Common Question: “My OR doesn’t use laminar flow. Does waste hot air still matter?”

Answer: Absolutely. Consider the following:

What is laminar ventilation and what is conventional ventilation?

Operating room air is typically introduced from the ceiling, moves towards the floor, and exits through the side vents. US standards for hospital construction require that operating room ventilation be filtered, at a minimum, to an efficiency of >90% for the removal of germ sized particles. Many ventilation systems do much better than that, by employing High Efficiency Particulate Air filtration commonly known as HEPA, which by definition removes >99.97% of germ sized particles from the airflow.

Conventional Ventilation Laminar Ventilation (Ultra-clean)
Air filtration less than HEPA Air filtration is HEPA (99.97%)
Downward air current is non-uniform Uniform, high-velocity air current
Multiple ceiling vents, angles, and velocities Uniformity minimizes turbulence
Creates significant turbulence in the ventilation air Unless disrupted, eliminates contaminant mobilization into the sterile field


Why does our research focus on laminar flow ventilation?

It’s difficult to visually show the effects of waste heat with either tracer particles or neutral buoyancy bubbles in conventional ventilation operating rooms because the turbulent air-currents disrupt the visual patterns.

What types of procedures are most impacted by rising hot air?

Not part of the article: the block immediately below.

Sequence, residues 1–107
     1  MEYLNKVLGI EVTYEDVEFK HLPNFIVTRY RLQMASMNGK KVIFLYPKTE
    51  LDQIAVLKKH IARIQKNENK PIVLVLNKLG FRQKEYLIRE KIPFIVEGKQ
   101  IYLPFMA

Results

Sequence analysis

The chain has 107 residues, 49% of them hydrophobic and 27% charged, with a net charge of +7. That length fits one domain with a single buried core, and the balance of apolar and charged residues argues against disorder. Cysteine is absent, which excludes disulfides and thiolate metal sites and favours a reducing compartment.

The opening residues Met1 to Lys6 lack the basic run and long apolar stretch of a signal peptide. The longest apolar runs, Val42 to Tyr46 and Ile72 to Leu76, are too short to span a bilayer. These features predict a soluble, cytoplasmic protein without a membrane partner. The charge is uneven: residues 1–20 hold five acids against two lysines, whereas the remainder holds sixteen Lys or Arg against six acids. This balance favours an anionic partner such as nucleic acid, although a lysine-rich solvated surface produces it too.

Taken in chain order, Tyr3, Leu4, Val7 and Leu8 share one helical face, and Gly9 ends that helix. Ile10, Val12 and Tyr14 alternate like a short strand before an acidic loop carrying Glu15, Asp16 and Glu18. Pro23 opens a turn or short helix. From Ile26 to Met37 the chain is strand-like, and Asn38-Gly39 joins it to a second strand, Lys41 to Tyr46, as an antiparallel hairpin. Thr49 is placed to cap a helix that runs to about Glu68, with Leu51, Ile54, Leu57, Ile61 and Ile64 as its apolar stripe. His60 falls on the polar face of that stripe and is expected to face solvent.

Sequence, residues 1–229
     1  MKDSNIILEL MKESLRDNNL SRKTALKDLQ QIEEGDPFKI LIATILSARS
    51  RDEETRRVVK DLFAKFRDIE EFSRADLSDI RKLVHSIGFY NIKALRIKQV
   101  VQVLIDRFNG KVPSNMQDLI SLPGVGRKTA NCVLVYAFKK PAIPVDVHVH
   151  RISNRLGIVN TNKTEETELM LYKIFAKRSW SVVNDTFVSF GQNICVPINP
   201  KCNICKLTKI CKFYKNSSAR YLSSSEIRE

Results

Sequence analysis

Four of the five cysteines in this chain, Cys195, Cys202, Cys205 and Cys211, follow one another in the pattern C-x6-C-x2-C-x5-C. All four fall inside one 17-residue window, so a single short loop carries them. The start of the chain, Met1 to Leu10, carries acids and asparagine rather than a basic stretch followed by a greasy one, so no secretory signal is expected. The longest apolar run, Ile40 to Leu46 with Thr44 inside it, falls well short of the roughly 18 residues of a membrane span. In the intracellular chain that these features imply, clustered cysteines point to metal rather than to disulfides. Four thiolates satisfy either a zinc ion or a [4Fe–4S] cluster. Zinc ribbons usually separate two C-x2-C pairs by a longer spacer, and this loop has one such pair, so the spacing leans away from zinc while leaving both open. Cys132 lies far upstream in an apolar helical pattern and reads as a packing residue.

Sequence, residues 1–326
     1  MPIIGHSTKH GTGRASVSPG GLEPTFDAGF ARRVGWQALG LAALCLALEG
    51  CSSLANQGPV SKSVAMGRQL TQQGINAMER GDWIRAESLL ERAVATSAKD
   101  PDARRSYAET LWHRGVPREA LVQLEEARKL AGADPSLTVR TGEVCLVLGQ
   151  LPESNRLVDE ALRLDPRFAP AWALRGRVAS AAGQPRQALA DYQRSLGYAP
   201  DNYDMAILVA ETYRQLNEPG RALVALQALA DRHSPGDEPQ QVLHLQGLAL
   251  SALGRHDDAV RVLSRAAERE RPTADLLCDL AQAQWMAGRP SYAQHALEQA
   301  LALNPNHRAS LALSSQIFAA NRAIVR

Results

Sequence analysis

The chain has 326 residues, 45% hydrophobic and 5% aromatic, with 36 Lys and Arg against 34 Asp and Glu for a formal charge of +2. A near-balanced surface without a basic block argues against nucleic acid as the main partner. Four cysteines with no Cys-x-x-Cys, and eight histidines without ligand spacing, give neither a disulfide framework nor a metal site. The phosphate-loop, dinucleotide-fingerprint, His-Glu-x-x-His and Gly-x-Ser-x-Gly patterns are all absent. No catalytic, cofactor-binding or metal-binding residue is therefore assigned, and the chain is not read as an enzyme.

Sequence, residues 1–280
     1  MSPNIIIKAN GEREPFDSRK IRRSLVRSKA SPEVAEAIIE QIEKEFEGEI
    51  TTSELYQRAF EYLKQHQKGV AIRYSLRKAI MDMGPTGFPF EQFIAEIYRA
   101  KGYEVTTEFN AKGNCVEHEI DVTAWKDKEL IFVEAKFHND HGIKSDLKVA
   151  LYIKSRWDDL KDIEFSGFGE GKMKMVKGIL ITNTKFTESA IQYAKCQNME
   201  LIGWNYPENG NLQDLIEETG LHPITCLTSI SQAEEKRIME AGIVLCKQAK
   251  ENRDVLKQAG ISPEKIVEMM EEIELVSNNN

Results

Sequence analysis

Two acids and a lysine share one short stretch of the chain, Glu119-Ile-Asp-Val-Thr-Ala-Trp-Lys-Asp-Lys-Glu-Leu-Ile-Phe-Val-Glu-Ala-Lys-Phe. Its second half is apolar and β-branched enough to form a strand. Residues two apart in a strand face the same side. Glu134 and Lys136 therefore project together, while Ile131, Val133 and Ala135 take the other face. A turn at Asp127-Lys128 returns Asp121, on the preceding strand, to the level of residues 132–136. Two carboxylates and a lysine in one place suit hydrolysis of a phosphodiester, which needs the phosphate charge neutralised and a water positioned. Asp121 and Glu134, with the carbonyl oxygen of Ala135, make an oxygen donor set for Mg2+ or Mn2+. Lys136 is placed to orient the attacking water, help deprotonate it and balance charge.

Whether a surgery is performed under laminar flow ventilation or conventional ventilation, it only takes one germ to infect a wound when prosthetic devices are implanted. Therefore, avoiding contaminating the sterile field with rising hot air is most important in orthopedic, cardiac, or other implant surgeries. Blowing contaminated air into the surgical site should not be tolerated during such procedures.

Does waste heat matter during general surgery with conventional ventilation?

Yes. Although the risks and consequences are much greater in ultra-clean implant surgery, you still don’t want germs blowing around the surgical site under any circumstances. A recent study in the American Journal of Infection Control titled “Forced-air warming blowers: An evaluation of filtration adequacy and airborne contamination emission in the operating room,” found:
• 58% of blowers were generating significant levels of particles downstream of the intake filter. The authors theorized that this may be related to the release of built- up contaminants acquired during previous periods of use.
• 92% of FAW blowers showed viable microorganism growth from air path swabs, including MRSA.

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